SuperAnxA1 accelerates resolution of K/BxN arthritis. AnxA1+/+ mice (n=6) were given an intraperitoneal injection of K/BxN serum (50 μl at day 0 and day 2) and then received vehicle, human recombinant AnxA1 or SuperAnxA1 (1 µg intraperitoneally daily from day 2). (A) PR3 gene product expression was analysed with Ct values normalised to endogenous Gapdh. RQ values were calculated using 2−(ΔΔCt) and data shown here as mean±SE. Naive mice (D0) were set as the calibrator samples. *p<0.05 versus naive (Student t test). (B) Arthritic score. *p<0.05 versus vehicle control (two-way analysis of variance). (C) Right ankles of mice from each experimental group were taken at day 10 and joints processed for staining by H&E and safraninO. Representative images are shown. Scale bars, 50 μm. CE, cartilage erosion; PF, pannus formation; S, synovitis. (D) Histomorphometric analyses of joint sections. *p<0.05 versus vehicle control (Student t test).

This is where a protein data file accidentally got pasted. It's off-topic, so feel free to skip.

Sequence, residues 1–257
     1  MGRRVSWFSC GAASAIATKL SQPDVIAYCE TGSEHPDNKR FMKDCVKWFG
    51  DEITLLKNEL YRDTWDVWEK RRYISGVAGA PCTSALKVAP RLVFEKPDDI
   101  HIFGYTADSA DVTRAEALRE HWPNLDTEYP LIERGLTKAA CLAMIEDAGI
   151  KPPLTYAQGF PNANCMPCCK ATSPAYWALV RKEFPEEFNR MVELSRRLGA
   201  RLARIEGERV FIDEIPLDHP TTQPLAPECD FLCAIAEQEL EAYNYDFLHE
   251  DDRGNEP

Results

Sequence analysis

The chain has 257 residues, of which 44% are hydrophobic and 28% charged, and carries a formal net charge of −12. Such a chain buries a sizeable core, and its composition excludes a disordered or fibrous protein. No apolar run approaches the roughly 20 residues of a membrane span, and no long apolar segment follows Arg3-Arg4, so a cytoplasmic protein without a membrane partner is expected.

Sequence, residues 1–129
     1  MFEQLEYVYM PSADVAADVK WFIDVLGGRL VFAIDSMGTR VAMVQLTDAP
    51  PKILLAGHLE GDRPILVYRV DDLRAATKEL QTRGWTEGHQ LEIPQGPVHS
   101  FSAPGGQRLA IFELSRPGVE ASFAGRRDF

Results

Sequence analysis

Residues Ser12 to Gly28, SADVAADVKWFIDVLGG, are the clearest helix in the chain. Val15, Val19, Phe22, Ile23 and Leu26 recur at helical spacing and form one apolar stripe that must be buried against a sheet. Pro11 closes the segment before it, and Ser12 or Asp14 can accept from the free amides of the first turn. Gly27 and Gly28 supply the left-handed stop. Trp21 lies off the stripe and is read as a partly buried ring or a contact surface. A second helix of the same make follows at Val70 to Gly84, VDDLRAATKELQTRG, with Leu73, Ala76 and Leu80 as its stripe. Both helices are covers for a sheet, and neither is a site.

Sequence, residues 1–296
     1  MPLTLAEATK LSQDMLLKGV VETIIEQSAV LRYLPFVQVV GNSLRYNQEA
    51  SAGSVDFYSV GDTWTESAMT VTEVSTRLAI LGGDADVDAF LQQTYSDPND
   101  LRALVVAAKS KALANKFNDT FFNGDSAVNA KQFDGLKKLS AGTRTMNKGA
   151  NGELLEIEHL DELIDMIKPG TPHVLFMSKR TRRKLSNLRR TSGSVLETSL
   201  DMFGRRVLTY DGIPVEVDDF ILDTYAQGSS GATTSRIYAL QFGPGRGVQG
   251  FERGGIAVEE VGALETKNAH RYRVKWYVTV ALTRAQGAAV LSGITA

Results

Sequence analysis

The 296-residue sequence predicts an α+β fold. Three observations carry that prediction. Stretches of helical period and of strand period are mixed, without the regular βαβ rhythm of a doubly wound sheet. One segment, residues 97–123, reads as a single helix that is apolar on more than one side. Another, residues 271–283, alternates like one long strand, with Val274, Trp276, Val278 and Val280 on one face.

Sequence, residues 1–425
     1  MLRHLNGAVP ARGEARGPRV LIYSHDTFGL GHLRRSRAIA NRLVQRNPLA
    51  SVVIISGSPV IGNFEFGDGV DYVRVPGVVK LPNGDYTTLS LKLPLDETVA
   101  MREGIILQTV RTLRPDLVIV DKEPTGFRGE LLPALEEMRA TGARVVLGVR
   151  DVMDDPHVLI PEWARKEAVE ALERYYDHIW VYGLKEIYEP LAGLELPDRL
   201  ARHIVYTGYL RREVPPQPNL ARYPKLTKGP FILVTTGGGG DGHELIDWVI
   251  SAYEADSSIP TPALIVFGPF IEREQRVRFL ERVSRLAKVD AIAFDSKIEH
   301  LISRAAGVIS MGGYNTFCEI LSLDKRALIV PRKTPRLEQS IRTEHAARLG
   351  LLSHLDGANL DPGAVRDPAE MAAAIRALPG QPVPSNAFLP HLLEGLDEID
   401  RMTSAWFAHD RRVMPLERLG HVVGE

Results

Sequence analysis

Table 1

SuperAnxA1 reduces the severity of inflammatory arthritis

The macroscopic joint protection afforded by SuperAnxA1 was confirmed microscopically, with preservation of cartilage structure with little loss of proteoglycans (figure 5C, middle panels). Synovitis was apparent within these joints, but substantially lower than controls (figure 5C, top panels). The joints of AnxA1 treated mice were disrupted to a similar extent as controls (figure 5C, bottom panels). Quantitative analysis of damage within the ankle joints confirmed the observational studies (figure 5D). Finally, ankle joints from vehicle- and SuperAnxA1-treated mice demonstrated reduced expression of the Cxcl10 and Cxcr3 pair, as well as Nos2, IL-1β, Ccl2, IL-6 but not IL-10 and TNFα (figure S6).